By herself, alone; apart; unaccompanied.

(Her"sil*lon) n. [F., fr. herse a harrow. See Herse, n.] (Fort.) A beam with projecting spikes, used to make a breach impassable.

(Hert) n. A hart. [Obs.] Chaucer.

(Her"te) n. A heart. [Obs.] Chaucer.

(Her"te*ly), a. & adv. Hearty; heartily. [Obs.] Chaucer.

(Her"y) v. t. [AS. herian.] To worship; to glorify; to praise. [Obs.] Chaucer. Spenser.

(Hes"i*tan*cy) n. [L. haesitantia a stammering.]

1. The act of hesitating, or pausing to consider; slowness in deciding; vacillation; also, the manner of one who hesitates.

2. A stammering; a faltering in speech.

(Hes"i*tant) a. [L. haesitans, p. pr. of haesitare: cf. F. hésitant. See Hesitate.]

1. Not prompt in deciding or acting; hesitating.

2. Unready in speech. Baxter.

(Hes"i*tant*ly), adv. With hesitancy or doubt.

(Hes"i*tate) v. i. [imp. & p. p. Hesitated ; p. pr. & vb. n. Hesitating.] [L. haesitatus, p. p. of haesitare, intens. fr. haerere to hesitate, stick fast; to hang or hold fast. Cf. Aghast, Gaze, Adhere.]

1. To stop or pause respecting decision or action; to be in suspense or uncertainty as to a determination; as, he hesitated whether to accept the offer or not; men often hesitate in forming a judgment. Pope.

2. To stammer; to falter in speaking.

Syn. — To doubt; waver; scruple; deliberate; demur; falter; stammer.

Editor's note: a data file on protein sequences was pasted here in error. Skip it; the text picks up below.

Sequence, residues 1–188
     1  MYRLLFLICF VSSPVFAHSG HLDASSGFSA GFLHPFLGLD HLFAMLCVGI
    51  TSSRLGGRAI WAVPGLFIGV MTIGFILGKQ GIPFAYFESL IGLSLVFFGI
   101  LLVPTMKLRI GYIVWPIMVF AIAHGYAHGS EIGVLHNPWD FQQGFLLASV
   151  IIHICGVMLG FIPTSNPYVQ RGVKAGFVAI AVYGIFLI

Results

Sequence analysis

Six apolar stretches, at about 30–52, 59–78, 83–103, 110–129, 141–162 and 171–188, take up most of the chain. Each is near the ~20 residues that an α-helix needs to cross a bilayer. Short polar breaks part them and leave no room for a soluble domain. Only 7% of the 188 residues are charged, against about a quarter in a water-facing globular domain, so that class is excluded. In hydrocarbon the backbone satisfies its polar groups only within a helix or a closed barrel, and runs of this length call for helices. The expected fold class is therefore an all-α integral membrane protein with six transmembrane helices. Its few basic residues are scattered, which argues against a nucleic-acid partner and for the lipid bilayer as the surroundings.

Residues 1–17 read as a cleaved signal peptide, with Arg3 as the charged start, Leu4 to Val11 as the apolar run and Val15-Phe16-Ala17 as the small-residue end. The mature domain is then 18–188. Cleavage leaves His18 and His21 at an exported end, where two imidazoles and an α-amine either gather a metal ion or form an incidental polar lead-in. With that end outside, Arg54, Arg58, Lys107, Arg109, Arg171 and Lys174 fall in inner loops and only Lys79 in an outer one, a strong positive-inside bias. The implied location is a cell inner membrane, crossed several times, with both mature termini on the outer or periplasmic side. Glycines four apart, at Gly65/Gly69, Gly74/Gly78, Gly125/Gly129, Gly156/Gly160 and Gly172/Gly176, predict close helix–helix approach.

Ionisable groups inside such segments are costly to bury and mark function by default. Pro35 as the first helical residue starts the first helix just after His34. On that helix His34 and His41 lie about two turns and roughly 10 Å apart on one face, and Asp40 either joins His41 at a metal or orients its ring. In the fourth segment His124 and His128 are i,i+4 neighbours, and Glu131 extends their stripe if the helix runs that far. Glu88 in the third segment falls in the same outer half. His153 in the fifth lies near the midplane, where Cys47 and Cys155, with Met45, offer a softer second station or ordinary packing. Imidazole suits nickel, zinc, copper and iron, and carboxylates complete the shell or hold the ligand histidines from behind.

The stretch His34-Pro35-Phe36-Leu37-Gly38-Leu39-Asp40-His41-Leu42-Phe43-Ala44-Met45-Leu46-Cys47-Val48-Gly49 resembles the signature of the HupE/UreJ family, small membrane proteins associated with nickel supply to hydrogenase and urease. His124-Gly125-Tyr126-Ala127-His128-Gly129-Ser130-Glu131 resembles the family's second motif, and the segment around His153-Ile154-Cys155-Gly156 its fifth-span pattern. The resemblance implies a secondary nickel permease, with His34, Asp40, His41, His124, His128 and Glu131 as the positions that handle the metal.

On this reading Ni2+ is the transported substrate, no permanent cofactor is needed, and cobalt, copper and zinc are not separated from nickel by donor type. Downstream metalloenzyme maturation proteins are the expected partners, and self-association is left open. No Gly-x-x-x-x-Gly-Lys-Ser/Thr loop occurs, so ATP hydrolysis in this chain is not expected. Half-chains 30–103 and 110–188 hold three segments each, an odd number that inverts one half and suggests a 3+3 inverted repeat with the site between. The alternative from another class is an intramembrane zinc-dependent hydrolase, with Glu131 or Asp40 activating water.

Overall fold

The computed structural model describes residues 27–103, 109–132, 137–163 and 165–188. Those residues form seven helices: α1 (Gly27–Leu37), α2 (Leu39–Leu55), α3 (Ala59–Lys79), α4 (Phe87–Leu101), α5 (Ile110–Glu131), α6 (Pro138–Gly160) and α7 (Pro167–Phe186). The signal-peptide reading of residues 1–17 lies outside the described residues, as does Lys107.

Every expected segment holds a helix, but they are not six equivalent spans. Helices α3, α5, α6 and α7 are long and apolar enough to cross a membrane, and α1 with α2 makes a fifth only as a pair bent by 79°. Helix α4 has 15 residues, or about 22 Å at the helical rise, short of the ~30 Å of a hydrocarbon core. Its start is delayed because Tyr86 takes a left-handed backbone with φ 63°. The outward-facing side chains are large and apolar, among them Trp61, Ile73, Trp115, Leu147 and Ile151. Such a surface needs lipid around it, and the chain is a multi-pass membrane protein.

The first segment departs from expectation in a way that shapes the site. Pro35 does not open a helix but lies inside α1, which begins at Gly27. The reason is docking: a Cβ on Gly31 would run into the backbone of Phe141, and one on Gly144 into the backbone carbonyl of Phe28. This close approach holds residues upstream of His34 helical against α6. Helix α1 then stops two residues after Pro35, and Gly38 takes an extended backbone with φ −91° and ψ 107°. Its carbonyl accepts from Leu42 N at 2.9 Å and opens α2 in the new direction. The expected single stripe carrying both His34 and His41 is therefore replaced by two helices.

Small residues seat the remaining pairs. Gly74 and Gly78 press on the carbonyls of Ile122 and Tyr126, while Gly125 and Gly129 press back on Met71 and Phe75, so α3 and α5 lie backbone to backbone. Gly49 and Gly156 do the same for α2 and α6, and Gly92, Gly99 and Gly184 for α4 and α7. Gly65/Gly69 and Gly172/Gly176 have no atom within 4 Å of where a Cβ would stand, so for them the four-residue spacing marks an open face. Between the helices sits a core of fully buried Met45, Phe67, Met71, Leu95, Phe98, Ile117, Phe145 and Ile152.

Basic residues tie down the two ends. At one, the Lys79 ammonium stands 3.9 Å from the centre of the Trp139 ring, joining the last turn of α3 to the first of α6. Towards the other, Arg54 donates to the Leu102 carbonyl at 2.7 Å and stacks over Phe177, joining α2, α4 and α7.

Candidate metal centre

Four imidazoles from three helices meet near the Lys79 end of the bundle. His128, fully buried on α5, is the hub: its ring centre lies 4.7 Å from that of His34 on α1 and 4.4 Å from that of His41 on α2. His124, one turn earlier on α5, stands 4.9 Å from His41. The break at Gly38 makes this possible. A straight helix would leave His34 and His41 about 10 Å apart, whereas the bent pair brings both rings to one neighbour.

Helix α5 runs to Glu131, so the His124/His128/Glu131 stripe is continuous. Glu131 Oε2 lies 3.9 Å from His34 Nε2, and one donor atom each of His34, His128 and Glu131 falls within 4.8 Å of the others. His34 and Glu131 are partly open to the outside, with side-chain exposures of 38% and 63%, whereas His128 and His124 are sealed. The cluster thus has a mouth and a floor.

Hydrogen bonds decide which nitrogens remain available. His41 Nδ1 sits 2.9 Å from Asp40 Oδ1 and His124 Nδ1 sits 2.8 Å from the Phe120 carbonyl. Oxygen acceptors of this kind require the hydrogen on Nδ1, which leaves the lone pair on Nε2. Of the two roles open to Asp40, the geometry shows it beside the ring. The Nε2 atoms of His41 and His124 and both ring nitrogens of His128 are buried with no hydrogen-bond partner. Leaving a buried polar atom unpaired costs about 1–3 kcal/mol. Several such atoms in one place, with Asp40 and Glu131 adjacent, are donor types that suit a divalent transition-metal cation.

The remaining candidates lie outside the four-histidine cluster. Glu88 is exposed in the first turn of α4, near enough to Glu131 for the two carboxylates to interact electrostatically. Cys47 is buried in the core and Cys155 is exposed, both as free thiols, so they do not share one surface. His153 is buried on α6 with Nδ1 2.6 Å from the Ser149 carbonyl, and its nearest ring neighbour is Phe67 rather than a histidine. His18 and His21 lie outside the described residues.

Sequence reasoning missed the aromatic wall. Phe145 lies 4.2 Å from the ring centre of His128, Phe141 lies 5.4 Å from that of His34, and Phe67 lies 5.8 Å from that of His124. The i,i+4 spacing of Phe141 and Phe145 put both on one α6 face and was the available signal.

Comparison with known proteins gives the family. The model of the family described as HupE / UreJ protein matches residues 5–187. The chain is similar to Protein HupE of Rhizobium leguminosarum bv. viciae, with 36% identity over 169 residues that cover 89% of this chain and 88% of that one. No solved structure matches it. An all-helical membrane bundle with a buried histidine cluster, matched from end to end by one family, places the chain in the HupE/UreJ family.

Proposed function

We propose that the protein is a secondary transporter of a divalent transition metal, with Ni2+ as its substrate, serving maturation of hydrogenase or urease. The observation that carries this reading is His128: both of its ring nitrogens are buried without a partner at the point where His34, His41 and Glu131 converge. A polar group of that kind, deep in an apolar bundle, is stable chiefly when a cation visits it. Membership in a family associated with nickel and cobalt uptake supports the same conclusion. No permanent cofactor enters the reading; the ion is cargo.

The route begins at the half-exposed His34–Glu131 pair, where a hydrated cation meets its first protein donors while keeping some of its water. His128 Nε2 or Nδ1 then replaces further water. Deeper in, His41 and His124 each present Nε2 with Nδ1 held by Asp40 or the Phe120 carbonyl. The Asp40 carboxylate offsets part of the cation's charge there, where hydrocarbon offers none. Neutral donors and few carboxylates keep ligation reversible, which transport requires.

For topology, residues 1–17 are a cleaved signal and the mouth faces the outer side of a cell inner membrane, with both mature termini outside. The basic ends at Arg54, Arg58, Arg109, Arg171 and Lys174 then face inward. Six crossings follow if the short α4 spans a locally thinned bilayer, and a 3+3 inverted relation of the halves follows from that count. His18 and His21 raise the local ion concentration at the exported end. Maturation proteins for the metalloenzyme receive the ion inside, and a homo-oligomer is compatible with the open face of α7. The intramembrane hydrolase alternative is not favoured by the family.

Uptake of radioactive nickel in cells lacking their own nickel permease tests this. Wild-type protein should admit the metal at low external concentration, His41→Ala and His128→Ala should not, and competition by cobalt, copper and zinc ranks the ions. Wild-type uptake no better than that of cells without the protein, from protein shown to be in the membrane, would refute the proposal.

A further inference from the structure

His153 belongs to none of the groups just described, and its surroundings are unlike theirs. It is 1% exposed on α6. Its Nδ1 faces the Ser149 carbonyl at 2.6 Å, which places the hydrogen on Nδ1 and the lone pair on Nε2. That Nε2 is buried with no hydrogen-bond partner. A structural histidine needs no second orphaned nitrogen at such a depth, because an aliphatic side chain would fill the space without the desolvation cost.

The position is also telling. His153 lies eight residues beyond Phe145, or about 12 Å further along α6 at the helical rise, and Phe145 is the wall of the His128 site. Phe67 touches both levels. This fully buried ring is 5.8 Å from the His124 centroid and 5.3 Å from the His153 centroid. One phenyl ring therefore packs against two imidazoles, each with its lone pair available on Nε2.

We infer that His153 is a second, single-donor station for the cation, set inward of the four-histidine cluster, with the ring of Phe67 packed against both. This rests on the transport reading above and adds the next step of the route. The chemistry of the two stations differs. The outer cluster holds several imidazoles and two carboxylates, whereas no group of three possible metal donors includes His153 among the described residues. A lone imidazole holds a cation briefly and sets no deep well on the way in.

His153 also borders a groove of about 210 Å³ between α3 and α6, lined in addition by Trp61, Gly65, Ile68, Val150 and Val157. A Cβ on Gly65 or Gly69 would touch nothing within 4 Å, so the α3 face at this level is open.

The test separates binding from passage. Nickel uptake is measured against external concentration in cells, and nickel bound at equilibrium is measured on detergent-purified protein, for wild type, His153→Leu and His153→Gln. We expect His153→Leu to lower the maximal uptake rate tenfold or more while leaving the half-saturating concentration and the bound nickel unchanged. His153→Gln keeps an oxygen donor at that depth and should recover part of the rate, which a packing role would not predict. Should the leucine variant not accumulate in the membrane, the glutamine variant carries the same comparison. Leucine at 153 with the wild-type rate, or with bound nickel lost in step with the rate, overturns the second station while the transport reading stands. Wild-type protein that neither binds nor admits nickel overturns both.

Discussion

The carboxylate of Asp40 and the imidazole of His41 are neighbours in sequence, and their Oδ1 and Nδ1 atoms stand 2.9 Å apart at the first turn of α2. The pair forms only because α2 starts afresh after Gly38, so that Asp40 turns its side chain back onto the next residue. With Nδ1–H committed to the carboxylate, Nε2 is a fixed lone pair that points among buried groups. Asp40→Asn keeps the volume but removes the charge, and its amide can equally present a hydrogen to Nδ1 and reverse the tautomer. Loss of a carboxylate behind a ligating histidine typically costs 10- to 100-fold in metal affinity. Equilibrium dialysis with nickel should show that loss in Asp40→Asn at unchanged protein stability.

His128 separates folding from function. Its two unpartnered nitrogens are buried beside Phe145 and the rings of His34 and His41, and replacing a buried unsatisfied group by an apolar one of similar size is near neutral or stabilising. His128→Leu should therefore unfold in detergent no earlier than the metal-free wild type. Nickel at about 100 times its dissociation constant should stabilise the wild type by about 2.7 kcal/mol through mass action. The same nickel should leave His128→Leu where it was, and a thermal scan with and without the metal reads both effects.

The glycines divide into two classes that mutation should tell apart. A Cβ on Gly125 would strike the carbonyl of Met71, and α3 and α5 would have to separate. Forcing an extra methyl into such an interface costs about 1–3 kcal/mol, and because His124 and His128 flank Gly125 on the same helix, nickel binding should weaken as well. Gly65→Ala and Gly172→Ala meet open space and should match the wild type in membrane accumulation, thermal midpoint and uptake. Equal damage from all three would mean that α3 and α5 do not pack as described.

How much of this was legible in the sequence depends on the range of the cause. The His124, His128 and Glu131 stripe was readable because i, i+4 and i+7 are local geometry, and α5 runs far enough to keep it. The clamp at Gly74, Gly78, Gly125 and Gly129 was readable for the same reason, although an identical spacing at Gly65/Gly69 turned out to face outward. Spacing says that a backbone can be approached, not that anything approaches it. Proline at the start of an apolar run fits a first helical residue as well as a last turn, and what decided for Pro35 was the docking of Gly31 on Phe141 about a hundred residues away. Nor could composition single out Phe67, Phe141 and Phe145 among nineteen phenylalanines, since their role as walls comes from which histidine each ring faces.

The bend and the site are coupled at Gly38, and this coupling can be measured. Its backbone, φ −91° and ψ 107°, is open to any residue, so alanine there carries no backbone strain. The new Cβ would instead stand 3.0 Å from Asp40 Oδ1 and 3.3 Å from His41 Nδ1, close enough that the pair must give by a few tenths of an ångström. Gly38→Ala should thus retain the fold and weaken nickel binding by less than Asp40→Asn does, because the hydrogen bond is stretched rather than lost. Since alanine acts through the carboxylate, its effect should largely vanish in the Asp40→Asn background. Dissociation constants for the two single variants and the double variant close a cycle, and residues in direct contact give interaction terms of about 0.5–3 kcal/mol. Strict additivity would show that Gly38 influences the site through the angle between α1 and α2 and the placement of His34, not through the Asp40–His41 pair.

(Hes"i*tate), v. t. To utter with hesitation or to intimate by a reluctant manner. [Poetic & R.]

Just hint a fault, and hesitate dislike.

(Hes"i*ta`ting*ly), adv. With hesitation or doubt.

(Hes`i*ta"tion) n. [L. haesitatio: cf. F. hésitation.]

1. The act of hesitating; suspension of opinion or action; doubt; vacillation.

(Her*self") pron.

1. An emphasized form of the third person feminine pronoun; — used as a subject with she; as, she herself will bear the blame; also used alone in the predicate, either in the nominative or objective case; as, it is herself; she blames herself.

2. Her own proper, true, or real character; hence, her right, or sane, mind; as, the woman was deranged, but she is now herself again; she has come to herself.

  By PanEris using Melati.

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